In an effort to ensure the validity of this program’s construction and the accuracy of content, I have enlisted the assistance of a subject matter expert (SME). Although he currently does not wish for me to disclose his name publicly until there is a more finalized project, he is ASE certified and owns an automotive shop in the Clearwater region of Florida. Through our discussions and interviews, he has provided me with insight on how a shop owner thinks. He confirmed my accusation about employability being difficult for newcomers in the industry, but ensured that any amount of professional application in automotive technology is an instant bonus on a resume. As I will discuss in another blog post or podcast, it is your resume that gets you the interview; and your application of experience combined with interpersonal skills that gets you the job.

The SME pointed out a few concerns in the concept, including the utilization of internships. His first concern was how the partnerships will be established. I addressed this by emphasizing that if the program is housed out of a state community college, then the college has connections and resources already established within the community that they can call upon. Creating a partnership between a private business and a state community college is beneficial to both parties.

His second concern was the time needed for the learners to be present for the internships. My suggestion for this is to find shops that are open six days a week, allowing the learner an opportunity to complete their hours during one of those days. While this does require the learner to potentially work six days, that is the only feasible way for them to complete their hours required in training. Additionally, it is not uncommon for automotive technicians to work six days a week, and this provides them an exposure to that lifestyle.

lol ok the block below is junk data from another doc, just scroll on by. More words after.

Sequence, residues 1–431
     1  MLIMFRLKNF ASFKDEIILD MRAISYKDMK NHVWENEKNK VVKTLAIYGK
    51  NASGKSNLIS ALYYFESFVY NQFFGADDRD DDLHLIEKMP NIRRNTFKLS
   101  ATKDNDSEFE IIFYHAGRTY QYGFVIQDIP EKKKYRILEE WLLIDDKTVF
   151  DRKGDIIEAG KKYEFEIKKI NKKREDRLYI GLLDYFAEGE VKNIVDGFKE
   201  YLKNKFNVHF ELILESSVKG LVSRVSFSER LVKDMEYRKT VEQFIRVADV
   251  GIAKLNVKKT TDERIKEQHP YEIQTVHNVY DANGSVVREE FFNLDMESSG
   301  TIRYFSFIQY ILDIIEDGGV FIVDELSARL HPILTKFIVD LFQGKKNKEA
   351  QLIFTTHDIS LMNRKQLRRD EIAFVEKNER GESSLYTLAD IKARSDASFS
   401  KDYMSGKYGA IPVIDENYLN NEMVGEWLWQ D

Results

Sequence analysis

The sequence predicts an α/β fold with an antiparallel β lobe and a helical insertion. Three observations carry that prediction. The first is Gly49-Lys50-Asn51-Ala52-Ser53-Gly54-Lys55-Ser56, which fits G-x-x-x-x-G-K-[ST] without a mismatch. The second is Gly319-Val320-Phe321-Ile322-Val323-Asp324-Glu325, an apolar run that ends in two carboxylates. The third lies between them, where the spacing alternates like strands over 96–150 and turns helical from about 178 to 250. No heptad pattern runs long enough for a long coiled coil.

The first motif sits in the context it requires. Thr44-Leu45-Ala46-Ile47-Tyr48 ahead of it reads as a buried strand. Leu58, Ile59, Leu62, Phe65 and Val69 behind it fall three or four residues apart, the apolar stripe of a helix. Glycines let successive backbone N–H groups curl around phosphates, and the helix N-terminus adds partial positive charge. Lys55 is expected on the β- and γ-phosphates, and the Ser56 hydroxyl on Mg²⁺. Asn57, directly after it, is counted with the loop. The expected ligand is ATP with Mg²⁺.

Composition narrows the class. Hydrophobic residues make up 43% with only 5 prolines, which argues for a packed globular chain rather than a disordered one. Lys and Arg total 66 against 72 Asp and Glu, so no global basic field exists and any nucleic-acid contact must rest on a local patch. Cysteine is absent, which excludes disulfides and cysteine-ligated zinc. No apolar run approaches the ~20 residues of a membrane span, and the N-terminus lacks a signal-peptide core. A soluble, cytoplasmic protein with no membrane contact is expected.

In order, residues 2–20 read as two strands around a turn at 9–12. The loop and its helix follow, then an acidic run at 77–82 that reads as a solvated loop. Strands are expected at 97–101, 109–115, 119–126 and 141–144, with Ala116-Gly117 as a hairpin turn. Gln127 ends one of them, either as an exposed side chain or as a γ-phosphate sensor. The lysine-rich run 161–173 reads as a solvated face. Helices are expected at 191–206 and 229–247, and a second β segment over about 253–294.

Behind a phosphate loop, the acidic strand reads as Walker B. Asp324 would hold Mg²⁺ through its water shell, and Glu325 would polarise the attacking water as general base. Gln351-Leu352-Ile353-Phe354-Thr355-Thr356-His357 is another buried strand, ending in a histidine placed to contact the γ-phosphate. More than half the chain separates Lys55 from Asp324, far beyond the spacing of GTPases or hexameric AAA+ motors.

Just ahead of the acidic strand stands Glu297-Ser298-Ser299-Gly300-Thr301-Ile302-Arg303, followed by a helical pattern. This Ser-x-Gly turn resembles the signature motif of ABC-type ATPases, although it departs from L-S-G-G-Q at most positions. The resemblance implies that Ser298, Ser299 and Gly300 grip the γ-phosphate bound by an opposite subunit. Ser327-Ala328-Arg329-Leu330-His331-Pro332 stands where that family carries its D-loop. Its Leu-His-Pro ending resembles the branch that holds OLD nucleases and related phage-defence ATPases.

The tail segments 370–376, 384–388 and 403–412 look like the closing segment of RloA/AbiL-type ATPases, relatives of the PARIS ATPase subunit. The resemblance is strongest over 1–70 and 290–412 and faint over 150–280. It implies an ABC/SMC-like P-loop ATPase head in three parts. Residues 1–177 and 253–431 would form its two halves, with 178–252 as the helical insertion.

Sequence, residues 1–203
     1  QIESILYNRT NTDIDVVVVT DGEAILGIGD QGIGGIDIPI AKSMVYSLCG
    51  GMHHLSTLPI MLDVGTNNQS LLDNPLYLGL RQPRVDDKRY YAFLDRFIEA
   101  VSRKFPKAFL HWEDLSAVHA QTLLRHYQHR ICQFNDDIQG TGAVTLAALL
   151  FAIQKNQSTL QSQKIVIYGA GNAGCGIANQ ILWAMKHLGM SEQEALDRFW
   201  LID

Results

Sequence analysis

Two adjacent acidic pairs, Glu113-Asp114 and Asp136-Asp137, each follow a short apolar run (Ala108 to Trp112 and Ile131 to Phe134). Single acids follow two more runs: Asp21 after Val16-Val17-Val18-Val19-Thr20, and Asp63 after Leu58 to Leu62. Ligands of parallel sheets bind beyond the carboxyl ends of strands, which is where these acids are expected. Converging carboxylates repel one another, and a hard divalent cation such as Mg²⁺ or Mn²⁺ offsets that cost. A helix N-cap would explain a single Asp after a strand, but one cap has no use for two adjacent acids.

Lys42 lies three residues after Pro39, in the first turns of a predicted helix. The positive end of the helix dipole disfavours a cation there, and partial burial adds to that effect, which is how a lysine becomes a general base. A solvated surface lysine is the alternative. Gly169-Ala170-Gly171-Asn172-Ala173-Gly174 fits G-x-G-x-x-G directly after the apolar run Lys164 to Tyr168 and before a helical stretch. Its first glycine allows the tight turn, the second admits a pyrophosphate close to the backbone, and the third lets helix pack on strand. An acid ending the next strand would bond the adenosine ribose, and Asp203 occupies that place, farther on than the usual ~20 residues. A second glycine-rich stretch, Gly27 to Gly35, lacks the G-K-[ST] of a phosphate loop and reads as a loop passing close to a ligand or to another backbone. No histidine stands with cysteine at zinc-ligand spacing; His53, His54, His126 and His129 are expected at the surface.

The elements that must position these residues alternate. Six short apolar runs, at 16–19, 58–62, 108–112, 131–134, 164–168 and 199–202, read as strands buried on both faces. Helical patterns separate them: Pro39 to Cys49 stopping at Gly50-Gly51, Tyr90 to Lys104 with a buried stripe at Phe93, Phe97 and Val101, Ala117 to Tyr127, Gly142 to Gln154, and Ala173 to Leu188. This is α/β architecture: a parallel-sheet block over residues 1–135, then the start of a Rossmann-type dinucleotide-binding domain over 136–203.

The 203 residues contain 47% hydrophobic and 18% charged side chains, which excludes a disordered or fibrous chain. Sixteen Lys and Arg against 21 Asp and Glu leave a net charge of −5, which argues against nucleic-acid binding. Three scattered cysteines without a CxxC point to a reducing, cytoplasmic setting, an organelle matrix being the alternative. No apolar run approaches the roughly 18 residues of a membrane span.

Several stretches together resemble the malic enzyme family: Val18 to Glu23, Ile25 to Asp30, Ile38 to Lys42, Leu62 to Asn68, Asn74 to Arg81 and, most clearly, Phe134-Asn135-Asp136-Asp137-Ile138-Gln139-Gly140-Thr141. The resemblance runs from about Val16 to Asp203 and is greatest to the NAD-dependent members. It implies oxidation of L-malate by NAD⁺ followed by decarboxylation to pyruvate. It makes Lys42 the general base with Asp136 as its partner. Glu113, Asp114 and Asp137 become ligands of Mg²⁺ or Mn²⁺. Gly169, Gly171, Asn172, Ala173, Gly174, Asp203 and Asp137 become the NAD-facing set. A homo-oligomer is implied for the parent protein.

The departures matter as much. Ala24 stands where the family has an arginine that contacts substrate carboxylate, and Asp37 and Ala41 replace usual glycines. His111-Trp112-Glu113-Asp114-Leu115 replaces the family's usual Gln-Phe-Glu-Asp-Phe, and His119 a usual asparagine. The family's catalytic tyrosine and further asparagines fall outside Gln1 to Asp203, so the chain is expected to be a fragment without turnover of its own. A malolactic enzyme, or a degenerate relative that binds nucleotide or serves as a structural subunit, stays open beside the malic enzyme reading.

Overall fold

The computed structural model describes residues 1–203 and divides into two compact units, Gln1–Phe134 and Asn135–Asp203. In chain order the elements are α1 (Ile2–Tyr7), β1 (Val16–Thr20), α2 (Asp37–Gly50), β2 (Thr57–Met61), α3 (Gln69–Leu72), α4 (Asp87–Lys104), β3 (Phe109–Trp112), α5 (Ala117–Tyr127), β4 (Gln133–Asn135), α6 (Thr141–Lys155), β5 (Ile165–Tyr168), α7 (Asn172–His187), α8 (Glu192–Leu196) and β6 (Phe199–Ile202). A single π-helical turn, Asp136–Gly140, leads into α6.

The SME agreed to these solutions, and found them to be reasonable enough.

Current Progress and Future Implications

Currently, an initial proposal and design document has been drafted to portray the concepts and goals. I have designed the flowchart of one simple exercise in the game engine and have begun to fill out the dialogue and edit the necessary images. Presently, I have received positive feedback on the direction of this project, and intend for a complete draft and proof of concept in the game to be ready for viewing no later than August 1st, 2017. Below is an example of the paths in the demo game.


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Bureau of Labor Statistics, U.S. Department of Labor, Automotive Service Technicians and Mechanics, Occupational Outlook Handbook, 2016-17 Edition, Retrieved June 18, 2017, from

Parkinson, J., & Mackay, J. (2016). The literacy practices of vocational training in carpentry and automotive technology. Journal Of Vocational Education And Training, 68(1), 33-50.

Landicho, J. j., Dela Cerna, A. A., Marapao, J. G., Balhin, G. P., & Paid, R. M. (2017). Hortari: A gamification application for engaged teaching and learning in higher education. Journal of E-Learning & Knowledge Society, 13(1), 181-187.


One thought on “Concepts for an Automotive Technology Program & Simulator

  1. Your post makes me want to return to college and pursue the automotive technician curriculum. Very clever use of modeling and simulation for a significant need. America runs on our love of cars. All the best! Dr. Truman